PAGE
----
"It wouldn't be able to take all the load during the day, but it could cover the loads of three gen-sets," he said. "The reason it's so large is so it can back up three of the five chillers and other loads." The $300,000 that medical center administrators invested in the gen-set and additional transfer switches reflects their determination to maintain a state of the art emergency power system,” according to Wiruth. “That two megawatt unit is awesome," he said.
Though the gen-sets start at the same time and are online in less than 10 seconds, they accept non-critical loads in a staggered, timed sequence.
"I considered each generator and each equipment branch transfer switch," Wiruth explained. "I then prioritized each generator's loads."
For example, an air handler for surgery comes on before one that supplies office space. Essentially, life safety and critical loads come on in 10 seconds or less. Using the power transfer switch controller timer, priority two loads come on in 20 seconds, priority three in 30 seconds, and the next in 40 seconds. "That way, we're not dumping all the equipment loads on the generators at once," Wiruth said.
Before the gen-sets accept their loads a series of UPSs (uninterruptible power system), bridge the gap between normal source failure and the time that prioritized loads transfer to gen-sets.
"UPS powers computers throughout the center, and a 300 kVa UPS powers the data center, which serves not only the Bryan Medical Center campus, but also sister units of Bryan Health on another campus," said Wiruth.
The data center manages patient information, billing, admin, and operations. The UPSs input is on one generator and bypass input is on another generator, each with their own transfer switches connected to different distribution panels.
The 37 power transfer switches, five of them generator to generator, manage which source feeds the variety of loads, ranging from surgery, intensive care, emergency lighting, and X-ray and CT equipment to the data center, chillers, food service, and other loads. Transfer switches managing the most critical loads always have live power on both sides. In the event of an internal outage, such as a breaker trip, they immediately switch to the second live source, meaning the center is protecting itself from both external and internal outages.
"In comparison with a paralleled system using a single bus and five generators feeding that bus, if that bus shorts because a short occurs in all the phases, then you're pretty much done." Wiruth said. "Visitors who've seen the system are amazed at its redundancy. Before we installed the sixth gen-set, we would be nervous while even changing the oil, concerned that a thunderstorm or a car hitting a power line might cause a power outage. Having said that, we've been blessed to have very stable utility power. In the 27 years that I've been here, we've lost normal source perhaps five times ... and all have been minor outages," he added.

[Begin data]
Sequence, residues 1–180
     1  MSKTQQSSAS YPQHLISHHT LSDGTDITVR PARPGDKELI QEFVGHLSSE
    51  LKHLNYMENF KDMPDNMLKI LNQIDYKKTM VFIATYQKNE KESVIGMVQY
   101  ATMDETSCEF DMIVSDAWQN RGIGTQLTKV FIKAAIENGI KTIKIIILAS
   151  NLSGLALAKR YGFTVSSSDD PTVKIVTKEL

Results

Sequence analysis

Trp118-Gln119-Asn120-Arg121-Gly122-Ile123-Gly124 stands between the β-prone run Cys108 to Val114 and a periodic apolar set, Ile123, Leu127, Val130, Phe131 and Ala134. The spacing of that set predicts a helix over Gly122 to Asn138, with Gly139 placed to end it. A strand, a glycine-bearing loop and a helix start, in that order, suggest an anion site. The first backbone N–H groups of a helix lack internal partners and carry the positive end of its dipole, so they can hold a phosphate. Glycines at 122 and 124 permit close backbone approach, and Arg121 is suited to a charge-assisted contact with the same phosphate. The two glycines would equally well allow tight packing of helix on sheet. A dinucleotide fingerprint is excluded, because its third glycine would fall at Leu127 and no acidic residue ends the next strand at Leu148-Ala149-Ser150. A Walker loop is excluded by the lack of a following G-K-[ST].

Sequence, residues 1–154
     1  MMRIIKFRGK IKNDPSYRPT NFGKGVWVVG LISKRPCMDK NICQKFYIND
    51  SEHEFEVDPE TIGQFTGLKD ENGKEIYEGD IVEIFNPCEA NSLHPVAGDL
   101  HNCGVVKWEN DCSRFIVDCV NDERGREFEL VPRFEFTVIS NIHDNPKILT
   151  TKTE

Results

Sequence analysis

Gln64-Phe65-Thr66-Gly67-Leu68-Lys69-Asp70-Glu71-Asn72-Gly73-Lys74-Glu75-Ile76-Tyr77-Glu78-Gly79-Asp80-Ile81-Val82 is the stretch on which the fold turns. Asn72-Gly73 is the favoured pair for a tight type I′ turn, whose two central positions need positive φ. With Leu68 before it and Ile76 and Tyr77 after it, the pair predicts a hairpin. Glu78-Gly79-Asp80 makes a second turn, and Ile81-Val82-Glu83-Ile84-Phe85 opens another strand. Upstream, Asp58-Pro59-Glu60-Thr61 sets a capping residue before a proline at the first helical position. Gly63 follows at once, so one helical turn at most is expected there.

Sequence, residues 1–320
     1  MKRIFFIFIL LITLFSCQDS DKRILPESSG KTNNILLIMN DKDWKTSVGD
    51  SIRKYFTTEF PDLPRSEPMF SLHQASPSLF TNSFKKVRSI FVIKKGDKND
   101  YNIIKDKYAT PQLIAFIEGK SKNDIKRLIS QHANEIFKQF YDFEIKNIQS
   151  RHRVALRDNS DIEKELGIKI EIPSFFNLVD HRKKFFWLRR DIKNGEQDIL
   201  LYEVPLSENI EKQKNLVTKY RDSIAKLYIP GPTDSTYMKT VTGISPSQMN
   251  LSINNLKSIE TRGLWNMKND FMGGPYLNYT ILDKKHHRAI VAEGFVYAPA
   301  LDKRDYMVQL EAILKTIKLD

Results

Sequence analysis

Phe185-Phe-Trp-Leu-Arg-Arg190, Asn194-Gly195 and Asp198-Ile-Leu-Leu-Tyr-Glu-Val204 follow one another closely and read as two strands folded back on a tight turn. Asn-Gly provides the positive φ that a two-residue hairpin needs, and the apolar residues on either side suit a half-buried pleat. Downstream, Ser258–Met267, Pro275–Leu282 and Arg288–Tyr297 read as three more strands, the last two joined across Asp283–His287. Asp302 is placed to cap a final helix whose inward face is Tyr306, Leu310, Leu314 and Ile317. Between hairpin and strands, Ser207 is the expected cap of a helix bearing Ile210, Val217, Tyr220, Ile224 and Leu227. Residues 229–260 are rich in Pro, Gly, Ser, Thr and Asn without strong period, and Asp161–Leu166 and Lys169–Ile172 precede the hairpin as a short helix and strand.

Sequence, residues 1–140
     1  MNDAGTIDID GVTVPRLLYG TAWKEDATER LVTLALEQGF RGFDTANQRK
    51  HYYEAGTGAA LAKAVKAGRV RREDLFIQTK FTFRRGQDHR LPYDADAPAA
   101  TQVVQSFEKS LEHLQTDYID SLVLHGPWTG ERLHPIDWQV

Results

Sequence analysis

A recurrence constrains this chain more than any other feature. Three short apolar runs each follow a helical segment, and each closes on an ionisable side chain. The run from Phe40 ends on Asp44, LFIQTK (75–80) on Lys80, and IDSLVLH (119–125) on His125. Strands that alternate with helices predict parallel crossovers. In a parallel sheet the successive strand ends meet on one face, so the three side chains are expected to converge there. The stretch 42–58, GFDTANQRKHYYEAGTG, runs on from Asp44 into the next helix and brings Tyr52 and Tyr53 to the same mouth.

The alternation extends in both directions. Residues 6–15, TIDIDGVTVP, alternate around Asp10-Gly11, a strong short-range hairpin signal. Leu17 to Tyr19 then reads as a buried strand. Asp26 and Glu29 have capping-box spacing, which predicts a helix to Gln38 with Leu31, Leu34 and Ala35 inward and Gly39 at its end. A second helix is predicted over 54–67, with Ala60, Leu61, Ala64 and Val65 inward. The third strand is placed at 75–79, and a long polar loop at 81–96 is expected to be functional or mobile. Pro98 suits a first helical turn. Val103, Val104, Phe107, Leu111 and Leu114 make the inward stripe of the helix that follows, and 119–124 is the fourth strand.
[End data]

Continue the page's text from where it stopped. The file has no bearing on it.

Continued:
All the power transfer switches range from 260 amperes to 3,000 and operate in the open transition mode, which means they “break” with one power source before “making” with another. Because some are 20 or more years old, they were retrofitted with modern, digital controllers and power managers.
The retrofit also included upgrading software, replacing control panels, removing existing serial communications cards, and changing communications medium from twisted pair RS485 to Ethernet. The six gen-sets also were outfitted with the power managers and Ethernet cards. This helped ensure that everything would “play nice” with the type of highly automated critical power management system that Wiruth wanted. "The upgrade went really well, minimizing interruptions to operations," he said.
Wiruth wanted to build on his experience with the power transfer switch manufacturer's automated monitoring and control capabilities, so he had very specific requirements that needed to be met for conducting tests and reporting results.
Wiruth's list of requirements was unabashedly long and demanding. He refused to settle for anything less than capabilities that, first and foremost, would help him produce monthly Joint Commission-quality testing reports more efficiently, faster, and more user friendly. He needed to be able to conduct a test of the entire, decentralized emergency power system from a single computer screen — no easy feat. Conversely, he also wanted to test a single gen-set with a load bank and get an automated report.
Other capabilities that had to be part of an overall critical power management system included the ability to operate the system from up to 10 client computers, view historical event logs, power readings, and overall system operation at a glance, and change power transfer switch settings from the software. He particularly wanted to get emails automatically on a variety of events and reports.